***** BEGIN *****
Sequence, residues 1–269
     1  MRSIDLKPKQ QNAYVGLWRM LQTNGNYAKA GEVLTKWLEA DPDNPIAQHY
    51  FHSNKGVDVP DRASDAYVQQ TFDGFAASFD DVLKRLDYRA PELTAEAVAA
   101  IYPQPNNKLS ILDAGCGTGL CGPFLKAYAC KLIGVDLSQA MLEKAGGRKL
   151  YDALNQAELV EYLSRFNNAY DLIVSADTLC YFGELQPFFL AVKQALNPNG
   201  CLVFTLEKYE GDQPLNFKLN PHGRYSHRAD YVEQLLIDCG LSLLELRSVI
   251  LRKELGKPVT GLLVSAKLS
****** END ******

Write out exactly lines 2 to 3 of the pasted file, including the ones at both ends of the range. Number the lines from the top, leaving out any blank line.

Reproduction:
     1  MRSIDLKPKQ QNAYVGLWRM LQTNGNYAKA GEVLTKWLEA DPDNPIAQHY
    51  FHSNKGVDVP DRASDAYVQQ TFDGFAASFD DVLKRLDYRA PELTAEAVAA